Author: Neil Shubin
Type: Non-fiction, single subject
Full title: Your Inner Fish: A Journey Into the 3.5-Billion-Year History of the Human Body
I read it: November 2013
A solid introduction, overview, or refresher of the patterns of evolution, depending on your previous knowledge. I picked it up mostly because I wanted to read about the cause of hiccups, which came at the very end of the book (it has to do with the breathing mechanisms of both fish and tadpoles–damn that glottis). The chapters generally cover certain body parts and plans, such as teeth, vision, and scent detection. While his skills are not at the very top of the popular science author game, Neil Shubin does an admirable job of blending fact and personal narrative with enthusiasm. He was one of the primary paleontologists to uncover Tiktaalik, the fish/amphibian transitional fossil that was key to illustrating the basic processes of evolution. This find was important for many reasons, but one of the key reasons was because it was predicted: Shubin and his team knew what type of creature to look for in which type of geological era, and they eventually found it. It’s a wonderful scientific success story. The author makes sure to hammer home our shared ancestry with humble creatures so that we can better know our species and ourselves. While Dawkins’ The Ancestor’s Tale is the master work in this area, Shubin’s book is more approachable and concise and should engage any science-curious reader.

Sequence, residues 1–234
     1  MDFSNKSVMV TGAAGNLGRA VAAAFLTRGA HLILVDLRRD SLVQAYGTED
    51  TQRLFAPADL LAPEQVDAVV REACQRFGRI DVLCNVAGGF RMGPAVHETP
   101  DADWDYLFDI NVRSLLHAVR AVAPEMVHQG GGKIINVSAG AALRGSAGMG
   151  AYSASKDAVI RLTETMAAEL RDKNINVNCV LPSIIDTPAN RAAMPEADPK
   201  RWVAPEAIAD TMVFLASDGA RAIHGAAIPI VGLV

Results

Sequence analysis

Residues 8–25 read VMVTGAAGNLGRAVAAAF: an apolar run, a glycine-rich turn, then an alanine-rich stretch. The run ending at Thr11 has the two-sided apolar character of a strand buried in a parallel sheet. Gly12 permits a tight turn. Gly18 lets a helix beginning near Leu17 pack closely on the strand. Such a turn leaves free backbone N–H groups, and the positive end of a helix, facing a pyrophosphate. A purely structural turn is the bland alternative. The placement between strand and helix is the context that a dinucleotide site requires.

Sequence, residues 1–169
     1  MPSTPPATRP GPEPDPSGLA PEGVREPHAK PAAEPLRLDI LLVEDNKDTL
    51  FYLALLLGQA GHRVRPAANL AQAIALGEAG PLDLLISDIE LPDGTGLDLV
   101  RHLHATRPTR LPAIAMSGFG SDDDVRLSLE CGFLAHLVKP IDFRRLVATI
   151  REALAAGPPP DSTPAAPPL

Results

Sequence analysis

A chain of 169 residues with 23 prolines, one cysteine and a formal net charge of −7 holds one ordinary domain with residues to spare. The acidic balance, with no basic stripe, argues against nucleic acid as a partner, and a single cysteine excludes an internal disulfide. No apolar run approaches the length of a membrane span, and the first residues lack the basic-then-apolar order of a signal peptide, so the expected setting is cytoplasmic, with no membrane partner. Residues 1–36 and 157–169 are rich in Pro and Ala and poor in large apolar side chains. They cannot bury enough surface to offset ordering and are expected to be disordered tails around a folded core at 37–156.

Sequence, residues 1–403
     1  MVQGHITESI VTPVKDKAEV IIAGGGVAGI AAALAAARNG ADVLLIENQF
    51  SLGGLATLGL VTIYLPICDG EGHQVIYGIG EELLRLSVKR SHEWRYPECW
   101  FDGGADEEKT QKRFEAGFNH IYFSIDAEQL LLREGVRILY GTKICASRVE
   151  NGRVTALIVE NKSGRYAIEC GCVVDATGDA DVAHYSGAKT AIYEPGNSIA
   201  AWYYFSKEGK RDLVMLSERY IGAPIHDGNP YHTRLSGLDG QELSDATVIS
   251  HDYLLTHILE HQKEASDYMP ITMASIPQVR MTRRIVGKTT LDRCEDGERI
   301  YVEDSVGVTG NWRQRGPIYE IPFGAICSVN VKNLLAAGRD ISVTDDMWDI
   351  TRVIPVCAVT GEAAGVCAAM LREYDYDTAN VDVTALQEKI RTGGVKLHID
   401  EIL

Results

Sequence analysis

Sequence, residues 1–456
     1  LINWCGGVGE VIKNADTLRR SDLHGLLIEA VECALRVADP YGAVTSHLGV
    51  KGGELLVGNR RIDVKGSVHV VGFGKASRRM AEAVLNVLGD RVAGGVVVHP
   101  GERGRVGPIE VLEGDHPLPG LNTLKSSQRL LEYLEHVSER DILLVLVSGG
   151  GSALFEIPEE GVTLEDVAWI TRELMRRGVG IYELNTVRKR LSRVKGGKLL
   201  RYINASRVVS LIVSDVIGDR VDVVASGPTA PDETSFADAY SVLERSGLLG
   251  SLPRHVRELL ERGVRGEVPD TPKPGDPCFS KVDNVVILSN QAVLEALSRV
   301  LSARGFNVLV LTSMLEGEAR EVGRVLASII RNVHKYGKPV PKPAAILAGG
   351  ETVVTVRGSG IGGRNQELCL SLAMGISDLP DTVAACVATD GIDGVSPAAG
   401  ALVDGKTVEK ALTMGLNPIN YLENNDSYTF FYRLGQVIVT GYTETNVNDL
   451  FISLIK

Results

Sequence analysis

The book also inspired a blog post that I’m particularly proud of, “Life’s Hiccups.”